The Noir Western: Darkness on the Range 1943-1962 by David Meuel

The Noir Western: Darkness on the Range 1943-1962 is a fantastic addition to those interested in film critique, the film noir genre and westerns. It is accessible as a great non-fiction read for people interested in the subject but is well foot noted and researched and is appropriate as an academic text in any film program.

The author chose the dates between 1943 and 1962 to highlight a prevailing feeling that people had in the post-World War II era. Veterans came back from the European theater of war having seen the atrocities perpetrated by the Nazi regime. In particular, U.S. troops had participated in the liberation of Dachau and had witnessed the inhuman treatment of one man to another. Other vets had spent time in the Pacific theater and were witness to Hiroshima and Nagasaki and the after effects of the bombs.

A more pessimistic view of humanity crept into films. Gone were the bright and breezy musicals of the 1930’s. Many of Hollywood’s actors and directors had served in the armed forces and were not only exposed to war but also to European film makers, many of whom brought their world view and craft to the United States as they escaped their home countries and the ravages of war on their lives and crafts.

Film noir is generally attributed to the world of crime films. In this book, the genre is explored in depth as it influenced westerns, the auteurs and others who worked in this genre. Eleven directors are examined. There are famous names like John Ford and those like Robert Wise whose work is not usually associated with westerns. For each director, two works are chosen to represent an entry to the noir western genre.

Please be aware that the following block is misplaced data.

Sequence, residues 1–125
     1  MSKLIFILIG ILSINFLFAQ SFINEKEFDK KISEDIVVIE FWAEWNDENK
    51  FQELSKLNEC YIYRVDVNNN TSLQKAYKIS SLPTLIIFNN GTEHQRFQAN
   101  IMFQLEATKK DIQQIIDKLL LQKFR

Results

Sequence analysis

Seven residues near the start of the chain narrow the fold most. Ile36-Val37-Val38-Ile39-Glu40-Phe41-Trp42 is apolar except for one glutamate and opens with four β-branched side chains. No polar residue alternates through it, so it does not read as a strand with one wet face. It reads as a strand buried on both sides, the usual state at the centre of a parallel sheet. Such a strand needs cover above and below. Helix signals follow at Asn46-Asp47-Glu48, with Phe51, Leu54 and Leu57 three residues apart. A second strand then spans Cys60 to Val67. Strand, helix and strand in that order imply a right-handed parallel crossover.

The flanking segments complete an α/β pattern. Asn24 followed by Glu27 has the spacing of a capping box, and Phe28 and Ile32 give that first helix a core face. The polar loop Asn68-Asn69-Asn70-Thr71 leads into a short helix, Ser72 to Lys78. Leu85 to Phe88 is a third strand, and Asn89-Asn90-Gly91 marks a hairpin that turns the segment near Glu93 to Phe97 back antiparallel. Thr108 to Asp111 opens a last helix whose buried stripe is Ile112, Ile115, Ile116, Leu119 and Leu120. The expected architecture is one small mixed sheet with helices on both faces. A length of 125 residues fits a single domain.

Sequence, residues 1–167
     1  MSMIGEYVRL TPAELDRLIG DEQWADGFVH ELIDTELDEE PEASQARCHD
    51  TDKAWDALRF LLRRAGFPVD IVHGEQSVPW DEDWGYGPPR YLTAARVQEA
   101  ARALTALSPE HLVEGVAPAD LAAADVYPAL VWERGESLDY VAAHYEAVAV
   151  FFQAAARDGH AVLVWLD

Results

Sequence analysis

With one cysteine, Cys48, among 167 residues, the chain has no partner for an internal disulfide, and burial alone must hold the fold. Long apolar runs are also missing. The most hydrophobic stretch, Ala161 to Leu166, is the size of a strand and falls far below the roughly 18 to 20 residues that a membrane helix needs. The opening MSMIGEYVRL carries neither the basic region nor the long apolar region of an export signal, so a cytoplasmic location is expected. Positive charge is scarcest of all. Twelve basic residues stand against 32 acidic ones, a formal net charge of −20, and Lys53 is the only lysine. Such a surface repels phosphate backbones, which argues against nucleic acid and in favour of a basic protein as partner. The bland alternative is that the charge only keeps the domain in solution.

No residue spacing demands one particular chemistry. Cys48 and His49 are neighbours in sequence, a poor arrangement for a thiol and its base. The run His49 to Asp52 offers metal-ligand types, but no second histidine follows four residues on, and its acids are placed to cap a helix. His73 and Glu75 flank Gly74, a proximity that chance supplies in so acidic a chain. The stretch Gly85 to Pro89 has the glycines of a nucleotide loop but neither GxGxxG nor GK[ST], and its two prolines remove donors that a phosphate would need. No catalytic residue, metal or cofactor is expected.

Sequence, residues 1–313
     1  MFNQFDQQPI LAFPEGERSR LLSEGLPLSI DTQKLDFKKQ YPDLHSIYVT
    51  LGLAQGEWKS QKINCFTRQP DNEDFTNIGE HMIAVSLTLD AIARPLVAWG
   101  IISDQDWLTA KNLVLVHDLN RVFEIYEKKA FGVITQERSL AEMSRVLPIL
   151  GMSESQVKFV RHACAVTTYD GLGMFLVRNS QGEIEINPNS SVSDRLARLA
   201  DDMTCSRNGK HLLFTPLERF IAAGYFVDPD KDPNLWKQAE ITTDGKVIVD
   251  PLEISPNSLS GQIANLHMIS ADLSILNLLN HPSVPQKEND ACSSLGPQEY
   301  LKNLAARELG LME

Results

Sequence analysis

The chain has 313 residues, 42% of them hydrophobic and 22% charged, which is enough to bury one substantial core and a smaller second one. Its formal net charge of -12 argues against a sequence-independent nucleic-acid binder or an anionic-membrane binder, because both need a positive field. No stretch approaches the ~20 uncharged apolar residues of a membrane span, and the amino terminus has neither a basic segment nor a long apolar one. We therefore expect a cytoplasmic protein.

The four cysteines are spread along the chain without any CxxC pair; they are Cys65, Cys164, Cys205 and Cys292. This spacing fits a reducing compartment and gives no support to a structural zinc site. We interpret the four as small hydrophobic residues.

Each chapter is set out similarly.  A short discussion summing up the number of westerns that director made with a brief explanation as to why the author selected the two films he chooses to discuss. This is followed by a biography of the director – brief but well detailed and leads the reader to understand the directors whole work product and where the western sits in their overall body of work.

The wo films are then looked at separately. A synopsis of the film, the cast and then a more in depth look at the noir elements that make up the film. The organization of the book is strong and makes the reading easy and accessible. This is very important for students because often they are trying to get the maximum amount of information in a limited time frame. There are extensive chapter notes, footnotes and a bibliography for those interested in delving deeper into either noir or western films.

This book is 3.75 stars. The marks off come through two areas. One is a production issue: there are some photographs placed incorrectly. Right caption description, wrong director. The other is an editorial issue. The word noir is used way too much. There are times it doesn’t need to be used at all and other times where there just has to be another word or description that can be used. I noticed it throughout the book but in the final chapters, it is particularly noticeable. There are certain descriptions that are also over used.

Claustrophobic, noir-ish and complexity are just a few examples of words that are used too much. This is where writing is  tricky – finding new words to convey your ideas without wearing others out. This is also where great editors rise to the challenge in  assisting the author. These are small nit picks but they are noticeable to the reader.

I would highly recommend this book. I found it interesting, entertaining and engrossing. I had never looked at the western genre from this perspective and it definitely has made me want to seek out these westerns on streaming services and have a look at what was very well explained in the book. Don’t be put off by the small stuff. For film students especially, take a look. It will give you some insight into current works such as  Django Unchained, There Will Be Blood and Unforgiven.

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